The aim of this programme is to test our community health approach in fragile and supply challenged settings where longer term programming can be extremely challenging. This will help to understand what approaches are most suitable in these contexts.
Improving poor women and men’s access to essential health care is the overall aim of the community health approach. The Health Legacy (HL) programme is specifically intended to support Christian Aid to strengthen our evidence base, communicate our impact and leverage other funding through testing approaches, match funding and relationship building.
Primary: Burundi, Sierra Leone, South Sudan
Secondary: Kenya, Nigeria
September 2016 - July 2020
The programme is being delivered across three strands of work:
1. Testing and adapting
Testing and adapting our community health framework approach in supply and resource challenged settings including Burundi, South Sudan and Sierra Leone.
This means developing context-specific programmes designed to meet the challenges of working in each environment. To achieve this, we are piloting a number of initiatives, including the use of a flexible adaptive programming approach which has enabled us to apply Participatory, Vulnerability, Capacity Assessments (PVCA) for the first time in our health programming.
Read the project's theory of change
2. Integrating health programming
Exploring options for flexible funds to support countries to strengthen the integrated nature of their health programming.
In Kenya the Health Legacy (HL) is supporting integration of adolescent nutrition with sexual and reproductive health interventions in Narok county, which has the highest teenage pregnancy rates in the country (41%).
The project aims to reduce teenage pregnancy and improve nutrition amongst pregnant adolescent girls, adolescent mothers and their babies.
We are also partnering with Unilever for innovative communications on healthy diets among adolescent girls in schools.
In Nigeria, the HL is supporting the integration and scale-up of nutrition into a UK Aid Match (UKAM) funded project that is focusing on integrated Community Case Management (ICCM) of common childhood illnesses, which include malaria, pneumonia, and diarrhoea among children under five years.
Through the HL, maternal and child nutrition education will be intensified, as well as community level screening and referral of severe cases of malnutrition.
3. Evidence and learning
The HL is allowing us to increase the robustness and credibility of our health evidence, and to examine what works and what does not. This includes developing learning and research relationships as well as developing the capacity of staff and partners.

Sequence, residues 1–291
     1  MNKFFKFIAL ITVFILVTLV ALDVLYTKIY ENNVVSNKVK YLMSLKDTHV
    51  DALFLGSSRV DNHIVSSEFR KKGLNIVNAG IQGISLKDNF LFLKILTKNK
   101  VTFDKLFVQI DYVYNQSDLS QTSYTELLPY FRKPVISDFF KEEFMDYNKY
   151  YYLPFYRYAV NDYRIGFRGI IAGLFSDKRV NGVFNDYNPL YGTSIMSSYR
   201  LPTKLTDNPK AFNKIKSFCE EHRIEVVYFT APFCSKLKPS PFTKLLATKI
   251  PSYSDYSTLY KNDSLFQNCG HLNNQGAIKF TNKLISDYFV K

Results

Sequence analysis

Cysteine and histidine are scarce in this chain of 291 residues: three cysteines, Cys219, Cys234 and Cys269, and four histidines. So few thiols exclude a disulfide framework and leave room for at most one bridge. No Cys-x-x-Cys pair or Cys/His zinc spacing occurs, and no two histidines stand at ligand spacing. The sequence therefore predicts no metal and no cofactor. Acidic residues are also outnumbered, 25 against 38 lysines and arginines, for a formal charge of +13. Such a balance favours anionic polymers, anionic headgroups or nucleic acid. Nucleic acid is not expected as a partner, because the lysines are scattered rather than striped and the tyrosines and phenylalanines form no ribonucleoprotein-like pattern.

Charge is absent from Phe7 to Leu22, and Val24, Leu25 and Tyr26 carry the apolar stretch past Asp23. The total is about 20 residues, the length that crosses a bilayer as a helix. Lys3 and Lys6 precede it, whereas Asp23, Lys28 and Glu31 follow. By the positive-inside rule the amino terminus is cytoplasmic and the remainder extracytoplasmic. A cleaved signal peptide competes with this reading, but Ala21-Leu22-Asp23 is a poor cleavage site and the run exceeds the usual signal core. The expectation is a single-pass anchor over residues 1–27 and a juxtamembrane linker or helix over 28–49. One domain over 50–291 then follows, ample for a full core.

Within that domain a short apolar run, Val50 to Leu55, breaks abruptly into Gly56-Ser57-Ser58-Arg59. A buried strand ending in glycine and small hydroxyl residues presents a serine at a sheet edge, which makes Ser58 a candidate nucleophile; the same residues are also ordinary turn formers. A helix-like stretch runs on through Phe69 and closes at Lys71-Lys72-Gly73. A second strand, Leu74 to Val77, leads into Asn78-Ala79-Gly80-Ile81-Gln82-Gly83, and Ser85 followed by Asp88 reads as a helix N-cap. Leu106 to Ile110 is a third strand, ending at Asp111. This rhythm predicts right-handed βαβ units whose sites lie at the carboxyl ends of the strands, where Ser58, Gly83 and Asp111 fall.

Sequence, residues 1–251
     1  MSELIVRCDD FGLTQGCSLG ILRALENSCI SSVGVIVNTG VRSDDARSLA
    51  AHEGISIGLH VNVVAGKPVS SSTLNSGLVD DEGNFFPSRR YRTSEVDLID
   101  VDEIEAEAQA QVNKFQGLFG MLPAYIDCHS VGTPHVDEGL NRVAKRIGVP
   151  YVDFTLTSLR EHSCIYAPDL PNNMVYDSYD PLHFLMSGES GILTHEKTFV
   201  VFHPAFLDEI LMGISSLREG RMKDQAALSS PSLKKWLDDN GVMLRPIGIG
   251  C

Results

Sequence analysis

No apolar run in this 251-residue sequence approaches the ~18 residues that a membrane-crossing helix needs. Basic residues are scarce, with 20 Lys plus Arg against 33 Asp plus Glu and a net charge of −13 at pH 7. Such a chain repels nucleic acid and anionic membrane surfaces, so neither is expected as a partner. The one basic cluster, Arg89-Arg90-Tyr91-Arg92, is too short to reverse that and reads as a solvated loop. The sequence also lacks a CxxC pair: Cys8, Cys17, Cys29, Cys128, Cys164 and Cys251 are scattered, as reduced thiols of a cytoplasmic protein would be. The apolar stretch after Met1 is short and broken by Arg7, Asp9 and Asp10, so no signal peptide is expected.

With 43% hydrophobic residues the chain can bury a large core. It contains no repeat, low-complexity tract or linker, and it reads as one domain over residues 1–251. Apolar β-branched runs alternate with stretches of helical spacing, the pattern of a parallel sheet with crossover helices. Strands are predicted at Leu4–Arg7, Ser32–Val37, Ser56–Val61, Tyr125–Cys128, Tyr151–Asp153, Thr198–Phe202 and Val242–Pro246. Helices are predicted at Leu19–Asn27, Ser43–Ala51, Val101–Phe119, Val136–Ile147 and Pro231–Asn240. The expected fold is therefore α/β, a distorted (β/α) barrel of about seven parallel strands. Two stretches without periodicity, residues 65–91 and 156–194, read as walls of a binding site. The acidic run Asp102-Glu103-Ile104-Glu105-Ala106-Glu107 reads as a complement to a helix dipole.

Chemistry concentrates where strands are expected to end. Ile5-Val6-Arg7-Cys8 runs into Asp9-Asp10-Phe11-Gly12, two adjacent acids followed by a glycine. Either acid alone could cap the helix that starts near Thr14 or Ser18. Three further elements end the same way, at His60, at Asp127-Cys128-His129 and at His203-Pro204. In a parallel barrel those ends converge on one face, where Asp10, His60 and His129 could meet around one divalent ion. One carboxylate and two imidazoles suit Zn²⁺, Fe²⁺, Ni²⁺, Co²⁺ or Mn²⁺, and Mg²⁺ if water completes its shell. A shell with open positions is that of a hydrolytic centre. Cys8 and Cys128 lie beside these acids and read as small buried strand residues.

We have identified and developed a plan to carry out research and generate learning under the following themes over the next three years:
- Women’s economic empowerment and health
- The extent to which the community health framework is relevant in fragile and resource constrained contexts
- Health and resilience
Find out more in this video - Christian Aid's health work in Burundi
Crisis modifier in adaptive programming
Based on learning from Christian Aid’s resilience programmes such as BRACED, the HL is using a 'crisis modifier' approach as a way of building flexibility into the funding structure.
This will enable country programmes to proactively respond to risks that threaten the success of the project, by supporting individuals, communities and organisations to prepare and respond in a timely manner.
To date project design and inception workshops, as well as PVCAs and context analyses, have been conducted. The project implementation commenced in August 2017.
Baseline surveys are also underway in Burundi and Sierra Leone.
To date, we have supported 7 partners in Burundi, Sierra Leone and South Sudan reaching over 73,000 people improving health amongst vulnerable women, children and men through better access and use of health services.
In these countries, we have developed strong community structures that are driving health interventions and breaking gender inequalities in families and communities and impacting on the health and wealth of women and men. For example, women’s savings and loans groups in Burundi, Sierra Leone and South Sudan, have increased 3,500 women’s access to and control over resources, enabling them to play a more active role in decision making.
In South Sudan, teams of community paralegals are working with communities to reduce the risk of violence against women and ensuring that survivors receive adequate support.
Families in Sierra Leone, are driving shifts in unequal power and gender relations and community care groups are promoting appropriate health and nutrition practices in Burundi. We have increased the participation of women and people with disabilities into positions of power in communities and districts in Sierra Leone.
In addition, we are using the legacy funding to strengthen the impact of our health work in Kenya and Nigeria. We have forged an innovative private sector partnership in Kenya, helping to reduce undernutrition and teen pregnancies among 5804 teenage girls.
In Nigeria, we are increasing the impact of our work by integrating life-saving nutrition interventions to an existing child health programme in 2 out of 4 regions benefiting 655 children.